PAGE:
When the mission of the order in Palestine was nearing its end, the Teutonic Knights moved their headquarter to Venice. The only way to continue their mission seemed to involve moving their theatre of operations to Eastern Europe, on the border with pagan nations. The Knights offered their services to the local Christian rulers posing as religiously motivated mercenaries. Nevertheless, they hoped that using their influence in the Holy Roman Empire could help them become territorial proprietors of the newly conquered lands.
In 1211 Andrew II of Hungary accepted their services. They were granted the district of Burzenland[?] in Transylvania. Andrew had been involved in negotiations for the marriage of his daughter with the son of Hermann, the Landgrave of Thuringia. The latter's vassals included the family of Hermann of Salza[?], the new master of the Teutonic Order. Led by a brother called Theoderich, they defended the Kingdom of Hungary from the neighbouring Cumans[?]. In 1224 they petitioned Pope Honorius III to be placed directly under the authority of the papal see, rather than the Kingdom of Hungary. King Andrew responded by expelling them in 1225
At the same time Konrad I Mazowiecki[?], ruler of part of Poland, suffered when pagan Old Prussians[?] occupied Culmerland[?]. In order to restore this province and conquer Prussia, Konrad hired the Knights, giving them Culmerland[?] as a fief (1226). However, in 1234 the Order received privileges from the emperor that made them independent rulers of Culmerland and Prussia. The rulers of Poland resented this, as they perceived those provinces as part of Poland.
Thanks to the income from the land owned by the Order in Western Europe, and its lack of scruples, the war of attrition against th Old Prussians had already been finished when the Teutonic Order conquered or slaughtered all theOld Prussians.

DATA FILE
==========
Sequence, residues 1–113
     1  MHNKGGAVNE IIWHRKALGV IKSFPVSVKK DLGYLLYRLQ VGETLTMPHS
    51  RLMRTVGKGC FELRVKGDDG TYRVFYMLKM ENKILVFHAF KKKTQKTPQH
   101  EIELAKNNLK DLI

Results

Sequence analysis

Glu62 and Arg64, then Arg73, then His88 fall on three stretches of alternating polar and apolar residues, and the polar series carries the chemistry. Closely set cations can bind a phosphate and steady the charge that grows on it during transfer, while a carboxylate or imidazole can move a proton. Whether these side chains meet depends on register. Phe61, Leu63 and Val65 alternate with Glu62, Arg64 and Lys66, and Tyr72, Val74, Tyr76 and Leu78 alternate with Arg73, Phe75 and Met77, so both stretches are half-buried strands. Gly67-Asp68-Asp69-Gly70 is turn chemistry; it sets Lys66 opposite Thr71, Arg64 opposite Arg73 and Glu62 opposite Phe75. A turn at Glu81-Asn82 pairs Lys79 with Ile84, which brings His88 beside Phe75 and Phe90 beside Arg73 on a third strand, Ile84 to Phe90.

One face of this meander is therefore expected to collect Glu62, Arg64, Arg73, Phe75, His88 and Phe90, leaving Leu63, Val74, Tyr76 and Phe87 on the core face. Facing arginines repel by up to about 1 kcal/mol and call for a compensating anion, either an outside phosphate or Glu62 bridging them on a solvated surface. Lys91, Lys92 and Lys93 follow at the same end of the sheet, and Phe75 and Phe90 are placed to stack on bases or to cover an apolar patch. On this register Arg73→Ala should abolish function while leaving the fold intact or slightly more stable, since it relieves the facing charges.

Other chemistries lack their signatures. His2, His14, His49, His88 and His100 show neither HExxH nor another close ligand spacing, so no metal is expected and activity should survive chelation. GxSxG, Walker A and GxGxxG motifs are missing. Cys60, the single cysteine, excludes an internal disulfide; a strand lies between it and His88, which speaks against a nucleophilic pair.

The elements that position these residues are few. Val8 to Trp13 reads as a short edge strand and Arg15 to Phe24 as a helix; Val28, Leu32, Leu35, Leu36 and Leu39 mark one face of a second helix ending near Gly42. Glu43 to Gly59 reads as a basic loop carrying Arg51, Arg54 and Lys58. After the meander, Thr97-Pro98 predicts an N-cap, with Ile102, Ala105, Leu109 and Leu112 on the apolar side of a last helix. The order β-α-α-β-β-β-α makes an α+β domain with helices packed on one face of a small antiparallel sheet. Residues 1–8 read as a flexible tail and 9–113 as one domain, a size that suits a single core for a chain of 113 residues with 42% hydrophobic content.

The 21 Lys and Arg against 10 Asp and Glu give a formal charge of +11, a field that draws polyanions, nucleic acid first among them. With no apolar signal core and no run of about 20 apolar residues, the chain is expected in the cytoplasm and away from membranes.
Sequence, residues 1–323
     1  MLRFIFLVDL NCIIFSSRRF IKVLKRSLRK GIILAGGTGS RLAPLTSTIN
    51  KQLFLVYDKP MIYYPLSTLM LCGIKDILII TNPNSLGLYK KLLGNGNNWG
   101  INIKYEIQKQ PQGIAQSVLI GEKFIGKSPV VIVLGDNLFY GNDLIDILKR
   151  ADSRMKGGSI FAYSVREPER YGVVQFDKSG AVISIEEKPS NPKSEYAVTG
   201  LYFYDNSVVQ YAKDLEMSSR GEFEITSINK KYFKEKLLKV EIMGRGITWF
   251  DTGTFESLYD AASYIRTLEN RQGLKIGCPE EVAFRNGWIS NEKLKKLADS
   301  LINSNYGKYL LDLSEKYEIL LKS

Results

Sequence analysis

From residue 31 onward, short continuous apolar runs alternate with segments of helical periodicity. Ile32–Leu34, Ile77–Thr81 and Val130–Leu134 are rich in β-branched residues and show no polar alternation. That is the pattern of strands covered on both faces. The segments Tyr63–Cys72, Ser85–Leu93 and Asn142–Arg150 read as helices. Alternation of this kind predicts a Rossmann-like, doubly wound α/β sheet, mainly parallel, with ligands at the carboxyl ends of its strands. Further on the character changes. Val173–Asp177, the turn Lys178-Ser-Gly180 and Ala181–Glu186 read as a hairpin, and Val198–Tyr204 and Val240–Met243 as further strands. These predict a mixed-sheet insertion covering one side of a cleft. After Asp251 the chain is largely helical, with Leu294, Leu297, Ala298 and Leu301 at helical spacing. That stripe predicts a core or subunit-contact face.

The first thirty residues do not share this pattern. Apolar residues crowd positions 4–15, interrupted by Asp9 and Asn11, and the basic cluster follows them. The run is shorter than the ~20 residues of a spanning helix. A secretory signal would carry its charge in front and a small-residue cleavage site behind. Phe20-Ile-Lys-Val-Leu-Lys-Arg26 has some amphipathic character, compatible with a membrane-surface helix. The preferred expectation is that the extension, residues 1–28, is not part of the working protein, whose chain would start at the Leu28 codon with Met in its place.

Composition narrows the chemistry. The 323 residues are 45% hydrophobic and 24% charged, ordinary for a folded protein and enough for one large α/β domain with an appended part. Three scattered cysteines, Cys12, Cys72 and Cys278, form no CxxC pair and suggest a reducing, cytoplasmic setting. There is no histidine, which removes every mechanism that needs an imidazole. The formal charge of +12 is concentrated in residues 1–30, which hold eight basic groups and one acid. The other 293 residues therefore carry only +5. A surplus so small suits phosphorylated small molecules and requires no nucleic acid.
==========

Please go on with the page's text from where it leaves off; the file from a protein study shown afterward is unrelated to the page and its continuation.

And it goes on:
They ruled over much of the Baltic for several centuries, losing power finally in the 1466. In addition they founded numerous cities all over Central and Eastern Europe.
The Order began to lose influence during the late Middle Ages, as the Commonwealth of Poland-Lithuania[?] was founded. Soon the Order was involved in many wars against Poland, Lithuania and the Tatars. The biggest battle of the Teutonic Knights was the Battle of Tannenberg (1410) (in Polish, Battle of Grunwald), which they lost.
Later, the burghers of Prussia rose up against the Catholic Teutonic order and their power waned further. The emperor Maximilian I had made an agreement with the Polish king and in 1525, the grand master of the order, Albrecht of Brandenburg, converted to Lutheranism and swore allegiance to the Polish king, who made him the Duke of Prussia. This Polish king was also the grand duke of Lithuania, Sigismund I, and was Albrecht of Brandenburg's uncle.
The new Grand Magistery was then established in Württemberg and members of the Habsburg family continued as grand masters over the Order's considerable holdings in Germany until 1809, when the Order lost its last secular holdings. The order continued to exist, headed by Habsburgs through the First World War, and today operates primarily as a charitable organization.